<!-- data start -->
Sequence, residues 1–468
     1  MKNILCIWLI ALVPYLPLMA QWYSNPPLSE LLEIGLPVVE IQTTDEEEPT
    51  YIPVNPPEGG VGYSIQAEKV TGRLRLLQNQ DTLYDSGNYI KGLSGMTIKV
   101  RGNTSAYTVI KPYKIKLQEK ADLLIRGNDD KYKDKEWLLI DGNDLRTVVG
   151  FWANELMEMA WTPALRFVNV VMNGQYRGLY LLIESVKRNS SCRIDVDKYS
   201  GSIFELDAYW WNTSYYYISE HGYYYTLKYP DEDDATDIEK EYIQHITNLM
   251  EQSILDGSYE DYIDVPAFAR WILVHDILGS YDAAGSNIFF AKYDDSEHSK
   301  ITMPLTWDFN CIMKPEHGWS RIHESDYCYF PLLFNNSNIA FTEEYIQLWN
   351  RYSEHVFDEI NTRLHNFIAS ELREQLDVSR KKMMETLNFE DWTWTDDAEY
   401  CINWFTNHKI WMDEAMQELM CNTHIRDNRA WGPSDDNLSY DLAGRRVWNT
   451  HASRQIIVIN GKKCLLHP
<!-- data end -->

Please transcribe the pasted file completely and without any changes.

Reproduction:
Sequence, residues 1–468
     1  MKNILCIWLI ALVPYLPLMA QWYSNPPLSE LLEIGLPVVE IQTTDEEEPT
    51  YIPVNPPEGG VGYSIQAEKV TGRLRLLQNQ DTLYDSGNYI KGLSGMTIKV
   101  RGNTSAYTVI KPYKIKLQEK ADLLIRGNDD KYKDKEWLLI DGNDLRTVVG
   151  FWANELMEMA WTPALRFVNV VMNGQYRGLY LLIESVKRNS SCRIDVDKYS
   201  GSIFELDAYW WNTSYYYISE HGYYYTLKYP DEDDATDIEK EYIQHITNLM
   251  EQSILDGSYE DYIDVPAFAR WILVHDILGS YDAAGSNIFF AKYDDSEHSK
   301  ITMPLTWDFN CIMKPEHGWS RIHESDYCYF PLLFNNSNIA FTEEYIQLWN
   351  RYSEHVFDEI NTRLHNFIAS ELREQLDVSR KKMMETLNFE DWTWTDDAEY
   401  CINWFTNHKI WMDEAMQELM CNTHIRDNRA WGPSDDNLSY DLAGRRVWNT
   451  HASRQIIVIN GKKCLLHP